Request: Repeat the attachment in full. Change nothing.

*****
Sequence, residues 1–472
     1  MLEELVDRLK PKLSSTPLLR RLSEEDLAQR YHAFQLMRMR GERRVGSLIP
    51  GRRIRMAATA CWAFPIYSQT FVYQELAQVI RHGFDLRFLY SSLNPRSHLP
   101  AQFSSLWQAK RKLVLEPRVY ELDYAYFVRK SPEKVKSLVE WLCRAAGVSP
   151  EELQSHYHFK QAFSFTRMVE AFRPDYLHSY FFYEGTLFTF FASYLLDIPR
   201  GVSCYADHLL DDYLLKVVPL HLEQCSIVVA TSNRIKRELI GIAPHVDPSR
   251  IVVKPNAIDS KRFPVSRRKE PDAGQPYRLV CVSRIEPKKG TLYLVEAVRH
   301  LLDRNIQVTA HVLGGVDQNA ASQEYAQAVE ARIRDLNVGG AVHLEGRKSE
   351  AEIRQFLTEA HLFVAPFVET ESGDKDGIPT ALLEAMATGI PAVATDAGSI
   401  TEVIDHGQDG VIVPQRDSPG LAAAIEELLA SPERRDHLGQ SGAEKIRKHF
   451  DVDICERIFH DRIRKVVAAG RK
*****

Sequence, residues 1–472
     1  MLEELVDRLK PKLSSTPLLR RLSEEDLAQR YHAFQLMRMR GERRVGSLIP
    51  GRRIRMAATA CWAFPIYSQT FVYQELAQVI RHGFDLRFLY SSLNPRSHLP
   101  AQFSSLWQAK RKLVLEPRVY ELDYAYFVRK SPEKVKSLVE WLCRAAGVSP
   151  EELQSHYHFK QAFSFTRMVE AFRPDYLHSY FFYEGTLFTF FASYLLDIPR
   201  GVSCYADHLL DDYLLKVVPL HLEQCSIVVA TSNRIKRELI GIAPHVDPSR
   251  IVVKPNAIDS KRFPVSRRKE PDAGQPYRLV CVSRIEPKKG TLYLVEAVRH
   301  LLDRNIQVTA HVLGGVDQNA ASQEYAQAVE ARIRDLNVGG AVHLEGRKSE
   351  AEIRQFLTEA HLFVAPFVET ESGDKDGIPT ALLEAMATGI PAVATDAGSI
   401  TEVIDHGQDG VIVPQRDSPG LAAAIEELLA SPERRDHLGQ SGAEKIRKHF
   451  DVDICERIFH DRIRKVVAAG RK